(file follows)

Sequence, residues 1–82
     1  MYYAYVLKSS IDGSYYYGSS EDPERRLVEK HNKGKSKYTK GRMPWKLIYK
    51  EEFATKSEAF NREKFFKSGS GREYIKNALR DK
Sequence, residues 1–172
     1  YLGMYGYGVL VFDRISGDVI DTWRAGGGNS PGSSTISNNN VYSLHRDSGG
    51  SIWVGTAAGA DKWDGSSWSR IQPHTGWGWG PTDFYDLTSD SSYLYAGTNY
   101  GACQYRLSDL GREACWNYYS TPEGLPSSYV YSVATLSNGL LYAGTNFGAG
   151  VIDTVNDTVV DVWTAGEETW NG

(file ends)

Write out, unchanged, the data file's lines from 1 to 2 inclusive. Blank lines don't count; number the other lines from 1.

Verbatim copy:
Sequence, residues 1–82
     1  MYYAYVLKSS IDGSYYYGSS EDPERRLVEK HNKGKSKYTK GRMPWKLIYK